The report of National Crime Records Bureau (NCRB) stipulates that in cases falling under POCSO, 94.6% of all the cases of sexual harassment and rape of children are committed by people who are known to the victim. This implies that the prospect of the death penalty being imposed might weigh upon the child who may not be comfortable with sending a known person to the hangman’s tree and this may prove to be a substantial burden on the child’s mind. Additionally, it is significant to argue here that the death penalty of the convict might give a fragmentary relief to the victim since a lot of victims go through the post crime victimization in society. This refers to the society’s contemptuous actions involving the “victim-blaming” phenomena. This forces the victim to go through another treachery of atrocious mental abuses, especially by its own people.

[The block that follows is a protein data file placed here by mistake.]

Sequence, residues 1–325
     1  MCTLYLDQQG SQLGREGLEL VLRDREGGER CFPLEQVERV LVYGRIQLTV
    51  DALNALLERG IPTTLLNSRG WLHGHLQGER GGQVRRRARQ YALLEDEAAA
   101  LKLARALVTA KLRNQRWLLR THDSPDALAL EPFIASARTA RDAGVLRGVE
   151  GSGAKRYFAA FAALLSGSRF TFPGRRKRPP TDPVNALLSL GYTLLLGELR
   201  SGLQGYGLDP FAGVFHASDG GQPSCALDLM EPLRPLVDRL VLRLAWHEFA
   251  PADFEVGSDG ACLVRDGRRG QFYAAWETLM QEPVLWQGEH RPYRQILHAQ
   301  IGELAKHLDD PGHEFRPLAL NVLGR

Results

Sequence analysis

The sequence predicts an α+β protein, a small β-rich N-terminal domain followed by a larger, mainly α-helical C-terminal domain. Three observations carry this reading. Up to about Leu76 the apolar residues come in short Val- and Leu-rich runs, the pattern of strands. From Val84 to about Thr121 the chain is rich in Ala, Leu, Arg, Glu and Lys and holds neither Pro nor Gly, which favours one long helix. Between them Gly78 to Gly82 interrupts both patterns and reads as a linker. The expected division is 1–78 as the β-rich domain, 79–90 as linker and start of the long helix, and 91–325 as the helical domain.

India is a comparatively socially backward country with most of its population having an orthodox mindset and to preserve the family’s reputation, family members could forbid children from exposing the offender.This might severely impact the number of cases being reported. The death penalty compounds opposition from family members as the family might not want that for a known person. A National Law School, Banglore survey depicts that in 67.5% cases, the alleged victim and the family members turned hostile and in mere 26.7% cases, these people agreed to testify against the accused. On another note, Advocate Shailabh Kumar suggests that the provision of the death penalty raises the probability of the accused murdering the victim to avoid getting caught.Thus, turning the case from “rape and leave” to “rape and murder”.